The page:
- The Washington Times - Monday, August 28, 2000

The Pillsbury Dough Boy is alive and well. Maxwell House is still good to the last drop. And Thomas' English muffins still have their nooks and crannies.
In fact, shoppers perusing the cereal or canned-food aisles won't notice much change as six of the world's largest food manufacturers plan to merge into three.
"Consolidation is driven by the need for companies to maintain investor confidence, grow their bottom and top lines to be profitable and invest money behind brands to meet consumer needs," said John Gould, a spokesman for Unilever, which owns hundreds of brands worldwide including Good Humor-Breyers and Ragu.
"Will a U.S. consumer see any difference? The answer is, absolutely not."
The acquisitions if approved by the government and company shareholders would put some of the most popular food names under one roof.
In a $10.5 billion deal, General Mills maker of Betty Crocker cake mixes, Cheerios, Lucky Charms and Bisquick would combine with Diageo's Pillsbury division, which owns Haagen-Dazs ice cream, Old El Paso taco products and Hungry Jack potato mixes, among dozens of others.
Hellmann's mayonnaise, Entenmann's baked goods and Thomas' English Muffins would be combined with Ragu tomato sauces, Breyers ice cream and Lipton ice tea as Unilever waits approval of its $24.3 billion purchase of Bestfoods.
If Kraft's $15 billion purchase of Nabisco goes through, treats like Triscuits, Oreos and Life Savers would be produced by the same company that makes Post Honeycomb cereal, Cool Whip and Jell-O. Philip Morris Cos. owns Kraft's 70-plus brands.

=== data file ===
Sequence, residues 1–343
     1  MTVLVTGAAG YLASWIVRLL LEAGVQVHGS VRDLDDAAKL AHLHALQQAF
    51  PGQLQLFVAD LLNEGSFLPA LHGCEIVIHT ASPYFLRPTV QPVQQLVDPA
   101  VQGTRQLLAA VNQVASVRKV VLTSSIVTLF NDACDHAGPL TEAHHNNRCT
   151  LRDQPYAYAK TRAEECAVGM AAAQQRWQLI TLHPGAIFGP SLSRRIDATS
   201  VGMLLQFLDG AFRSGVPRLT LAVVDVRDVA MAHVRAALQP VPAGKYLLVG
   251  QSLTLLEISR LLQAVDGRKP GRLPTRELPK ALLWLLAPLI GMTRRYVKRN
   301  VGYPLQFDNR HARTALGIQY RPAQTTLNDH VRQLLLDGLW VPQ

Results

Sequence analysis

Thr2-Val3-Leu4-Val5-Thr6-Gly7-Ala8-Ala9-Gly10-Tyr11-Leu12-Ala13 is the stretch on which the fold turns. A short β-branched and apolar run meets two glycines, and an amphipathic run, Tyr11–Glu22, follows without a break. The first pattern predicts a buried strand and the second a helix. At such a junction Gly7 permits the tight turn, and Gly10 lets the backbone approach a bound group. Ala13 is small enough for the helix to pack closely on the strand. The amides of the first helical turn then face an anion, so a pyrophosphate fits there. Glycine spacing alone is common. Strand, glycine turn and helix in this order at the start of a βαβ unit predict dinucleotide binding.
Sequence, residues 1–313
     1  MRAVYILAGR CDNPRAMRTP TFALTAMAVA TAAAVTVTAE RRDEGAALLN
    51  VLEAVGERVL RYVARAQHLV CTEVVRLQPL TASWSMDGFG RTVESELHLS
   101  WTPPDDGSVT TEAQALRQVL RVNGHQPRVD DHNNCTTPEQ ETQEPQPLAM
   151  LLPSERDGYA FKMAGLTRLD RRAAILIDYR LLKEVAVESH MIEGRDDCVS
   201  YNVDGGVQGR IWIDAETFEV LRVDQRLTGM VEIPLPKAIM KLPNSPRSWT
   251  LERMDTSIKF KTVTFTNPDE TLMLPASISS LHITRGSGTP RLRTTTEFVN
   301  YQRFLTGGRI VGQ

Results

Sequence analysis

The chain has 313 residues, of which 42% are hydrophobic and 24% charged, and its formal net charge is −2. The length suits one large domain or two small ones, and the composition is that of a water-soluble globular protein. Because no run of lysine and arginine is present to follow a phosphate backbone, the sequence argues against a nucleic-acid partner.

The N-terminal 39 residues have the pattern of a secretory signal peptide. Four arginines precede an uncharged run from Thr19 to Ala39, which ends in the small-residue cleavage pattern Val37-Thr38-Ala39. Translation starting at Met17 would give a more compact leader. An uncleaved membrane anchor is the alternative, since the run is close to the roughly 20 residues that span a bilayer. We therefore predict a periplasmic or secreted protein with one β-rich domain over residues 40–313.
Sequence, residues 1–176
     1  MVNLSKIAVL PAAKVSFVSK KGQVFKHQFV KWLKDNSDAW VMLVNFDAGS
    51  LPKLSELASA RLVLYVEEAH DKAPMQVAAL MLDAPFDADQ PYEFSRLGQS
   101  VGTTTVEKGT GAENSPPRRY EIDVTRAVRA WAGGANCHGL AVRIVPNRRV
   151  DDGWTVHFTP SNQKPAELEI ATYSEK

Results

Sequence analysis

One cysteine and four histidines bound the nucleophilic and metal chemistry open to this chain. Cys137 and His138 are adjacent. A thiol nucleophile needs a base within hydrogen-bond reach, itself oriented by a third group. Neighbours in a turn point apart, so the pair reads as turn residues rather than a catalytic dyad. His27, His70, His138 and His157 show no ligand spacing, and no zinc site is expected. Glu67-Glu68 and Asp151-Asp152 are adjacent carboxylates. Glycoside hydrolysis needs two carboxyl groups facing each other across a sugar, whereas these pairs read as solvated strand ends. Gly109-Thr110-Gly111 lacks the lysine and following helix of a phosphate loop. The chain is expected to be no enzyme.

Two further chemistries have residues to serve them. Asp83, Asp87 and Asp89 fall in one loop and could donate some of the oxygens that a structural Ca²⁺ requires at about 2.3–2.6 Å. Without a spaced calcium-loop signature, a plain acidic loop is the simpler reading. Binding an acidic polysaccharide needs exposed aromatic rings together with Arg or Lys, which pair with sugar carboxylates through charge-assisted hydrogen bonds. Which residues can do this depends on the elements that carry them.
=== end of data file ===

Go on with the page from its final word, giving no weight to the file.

The intended mergers are the answer the companies need to increase their profits and boost shareholder confidence, they say.
But for the consumer, who may not have heard of Unilever but buys Klondike bars and I Can't Believe It's Not Butter, the company's deal with Bestfoods means nothing. And it's not unusual for a consumer to know a brand rather than its parent company.
"Brands themselves are built on their connection to the consumer, not the company's connection to the consumer," said Pamela Stegeman, vice president, industry affairs of the Grocery Manufacturers of America.
Despite all the activity within the food industry, consumers likely will still find their favorite brands on the shelves. The new companies would re-evaluate their brands and get rid of the unsuccessful ones those products that consumers probably aren't buying anyway.
Even Unilever, which announced last year it was going to shed 1,200 of its worldwide brands, still plans to focus on the company's 400 leading brands like Lipton. Unilever's European bakery division, for example, already has been sold.
While the six companies involved in the latest round of mergers all have a worldwide presence, they combine to make up at least 10 percent to 15 percent of the $460 billion U.S. food and beverage market, according to Tim Willard, a spokesman for the National Food Processors Association.
Philip Morris, which owns Kraft and Miller Brewing, raked in $31.1 billion last year in U.S. food sales, according to Food Processing, a monthly trade publication. But there are dozens of food companies that specialize in a niche or region that fill in the remaining market.
Worldwide, Switzerland-based Nestle is the leader with $74.6 billion in sales last year.
Industry officials say the mergers are a way for companies to round out their portfolios. For example, General Mills would significantly expand its presence in the refrigerated-foods category with the purchase of Pillsbury a leader in sales of refrigerated dough products like sweet rolls, biscuits, cookies and pie crusts.
"It's cheaper for them to buy than to build a brand," said Mike Gilles, president of the Growth Group, a marketing and consulting firm in California.